Thursday, January 10, 2013

Farewell to two respected Cook County jurists

Judge Green
I was saddened to learn from Sneed's Chicago Sun-Times column this morning of the passing of former Chancery Division Presiding Judge Albert Green.

At arguments on fully-briefed, contested motions, Judge Green typically had his opinion prepared -- in longhand -- before the hearing began. This could be disheartening to some; after all, a lawyer's argument, however eloquent, was unlikely to prompt the judge to rewrite his opinion. Still, he gave parties every opportunity to make their record. When the lawyers were done, Judge Green would read what he'd written. From his longhand notes.

Younger lawyers may read this and scoff at the low-tech quality of a pen-and-paper opinion (which was not part of the court file, but only read into the official, court-reported record). But I've come to appreciate how wonderful it was to know, with certainty, that the judge had decided the matter himself.

I'm certain there was staff input in Judge Green's decisions. Chancery judges, then and now, have bright and capable clerks. Some are, or will be, scholars in their own right. But in crafting that final handwritten opinion, whatever the contribution of the staff, the lawyers would know that Judge Green had considered and resolved the dispute.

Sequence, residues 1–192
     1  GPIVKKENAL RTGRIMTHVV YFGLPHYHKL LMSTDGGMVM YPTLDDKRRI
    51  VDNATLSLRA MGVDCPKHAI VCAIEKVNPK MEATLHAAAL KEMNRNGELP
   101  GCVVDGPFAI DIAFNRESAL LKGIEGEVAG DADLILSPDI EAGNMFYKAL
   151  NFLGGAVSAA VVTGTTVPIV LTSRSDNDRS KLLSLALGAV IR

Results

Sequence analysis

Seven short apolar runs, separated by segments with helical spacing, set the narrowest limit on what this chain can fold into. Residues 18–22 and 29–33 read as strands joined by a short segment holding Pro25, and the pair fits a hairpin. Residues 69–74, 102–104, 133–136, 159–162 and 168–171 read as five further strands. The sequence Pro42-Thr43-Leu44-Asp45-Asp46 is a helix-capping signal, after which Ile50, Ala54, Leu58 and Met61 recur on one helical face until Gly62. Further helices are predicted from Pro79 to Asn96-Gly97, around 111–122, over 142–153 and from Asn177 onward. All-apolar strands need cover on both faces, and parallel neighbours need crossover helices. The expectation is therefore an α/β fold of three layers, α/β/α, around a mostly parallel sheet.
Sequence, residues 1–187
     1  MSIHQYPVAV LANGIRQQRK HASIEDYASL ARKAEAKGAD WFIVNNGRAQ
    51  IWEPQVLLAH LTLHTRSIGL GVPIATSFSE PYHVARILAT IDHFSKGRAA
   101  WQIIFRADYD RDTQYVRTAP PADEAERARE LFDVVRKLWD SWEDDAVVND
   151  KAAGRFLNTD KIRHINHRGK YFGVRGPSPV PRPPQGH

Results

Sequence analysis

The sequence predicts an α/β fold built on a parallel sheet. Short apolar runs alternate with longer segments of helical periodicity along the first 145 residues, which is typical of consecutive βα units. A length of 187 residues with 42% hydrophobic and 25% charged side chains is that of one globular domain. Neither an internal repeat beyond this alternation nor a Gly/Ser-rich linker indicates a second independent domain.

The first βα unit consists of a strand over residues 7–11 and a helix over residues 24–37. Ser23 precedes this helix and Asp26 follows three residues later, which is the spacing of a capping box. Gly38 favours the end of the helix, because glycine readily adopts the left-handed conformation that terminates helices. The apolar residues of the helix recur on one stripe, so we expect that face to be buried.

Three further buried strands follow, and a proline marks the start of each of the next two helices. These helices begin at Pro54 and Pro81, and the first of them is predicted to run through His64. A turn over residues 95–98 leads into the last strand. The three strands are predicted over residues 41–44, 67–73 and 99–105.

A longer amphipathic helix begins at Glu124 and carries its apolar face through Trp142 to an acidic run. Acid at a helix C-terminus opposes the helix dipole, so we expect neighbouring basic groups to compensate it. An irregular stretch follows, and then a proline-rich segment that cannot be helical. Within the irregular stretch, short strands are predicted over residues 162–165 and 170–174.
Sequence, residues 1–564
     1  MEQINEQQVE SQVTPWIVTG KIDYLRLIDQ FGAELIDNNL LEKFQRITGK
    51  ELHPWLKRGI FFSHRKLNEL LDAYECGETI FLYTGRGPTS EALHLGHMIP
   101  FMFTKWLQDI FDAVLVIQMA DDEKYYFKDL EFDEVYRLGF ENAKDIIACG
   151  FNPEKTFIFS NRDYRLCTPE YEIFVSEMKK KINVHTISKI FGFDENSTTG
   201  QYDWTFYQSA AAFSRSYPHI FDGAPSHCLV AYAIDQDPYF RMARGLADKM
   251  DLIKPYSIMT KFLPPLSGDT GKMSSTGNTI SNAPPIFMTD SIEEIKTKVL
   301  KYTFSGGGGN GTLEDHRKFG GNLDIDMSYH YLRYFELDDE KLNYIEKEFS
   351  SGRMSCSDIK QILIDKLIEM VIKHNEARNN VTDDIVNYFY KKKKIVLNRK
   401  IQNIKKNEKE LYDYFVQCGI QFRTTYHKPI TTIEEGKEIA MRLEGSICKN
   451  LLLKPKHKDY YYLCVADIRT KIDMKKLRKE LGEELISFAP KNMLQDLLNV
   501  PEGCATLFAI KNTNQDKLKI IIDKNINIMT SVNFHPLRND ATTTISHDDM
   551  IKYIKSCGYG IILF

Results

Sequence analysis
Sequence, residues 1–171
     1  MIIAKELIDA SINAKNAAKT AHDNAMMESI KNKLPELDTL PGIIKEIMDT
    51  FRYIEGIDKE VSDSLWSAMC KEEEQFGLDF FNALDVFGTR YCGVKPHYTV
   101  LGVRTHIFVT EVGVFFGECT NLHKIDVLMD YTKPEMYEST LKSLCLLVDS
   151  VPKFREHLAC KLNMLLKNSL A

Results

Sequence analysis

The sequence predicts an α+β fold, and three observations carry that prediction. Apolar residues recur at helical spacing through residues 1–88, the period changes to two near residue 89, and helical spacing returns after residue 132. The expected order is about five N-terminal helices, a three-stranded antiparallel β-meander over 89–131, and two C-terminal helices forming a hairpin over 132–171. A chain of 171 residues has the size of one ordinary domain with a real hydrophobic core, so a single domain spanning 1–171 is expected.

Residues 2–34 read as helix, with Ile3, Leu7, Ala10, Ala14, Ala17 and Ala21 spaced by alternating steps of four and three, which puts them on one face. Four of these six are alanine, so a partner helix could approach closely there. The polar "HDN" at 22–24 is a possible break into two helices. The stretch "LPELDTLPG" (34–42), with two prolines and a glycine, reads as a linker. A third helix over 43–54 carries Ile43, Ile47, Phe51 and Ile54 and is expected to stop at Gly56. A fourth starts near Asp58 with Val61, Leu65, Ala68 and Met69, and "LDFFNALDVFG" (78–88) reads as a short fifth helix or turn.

That reassurance is not always available in cases these days, when so many matters are taken under advisement and printed opinions issued. Likewise, in the Appellate Court, most cases are decided now on the briefs, without oral argument, without the opportunity for counsel, the parties, and the public to see for themselves how engaged the justices are in the decisions that will be issued in their names. Some jurists have distinctive 'voices' and most opinions, in the Circuit Court or the Appellate Court, demonstrate, by the quality of their text, the extent of judicial input in the final product.

But with Judge Green, we knew -- win or lose -- that it was Judge Green who had made the ruling.

Thank you, Judge Green.

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Judge Crandell
The January 8 issue of the Chicago Daily Law Bulletin (subscription required) brought word of the passing, in December, of former Associate Judge Rosaland M. Crandell.

Judge Crandell sat in the Third Municipal District and I recall in particular one time when I was before her. This was many years ago, at the old courthouse near the corner of Touhy and Milwaukee.

It was a first party insurance case; I don't remember the names of the parties or the precise nature of the dispute. But I remember my client, the insurance company, was upset about producing something or other in discovery and it was my job to explain to Judge Crandell exactly why we weren't going to do it.

Judge Crandell heard me out, patiently, and set the matter for a new date a few weeks hence. "Counsel," she said -- and this part I remember exactly -- "bring a toothbrush to the next hearing."

"A toothbrush?" I asked.

"Yes," she said -- but (and this is why I remember it so vividly) she was so nice when she said this.

I reported this result to my superiors. The dispute was resolved. I don't know whether my client's objections were well-founded or not, but I do remember I didn't have to bring a toothbrush to court. And, at the next hearing, when I so informed Judge Crandell, she said she was glad. And she certainly seemed to be.

Judge Crandell showed how a judge can be both demanding and remain entirely civil.

Thank you, Judge Crandell.

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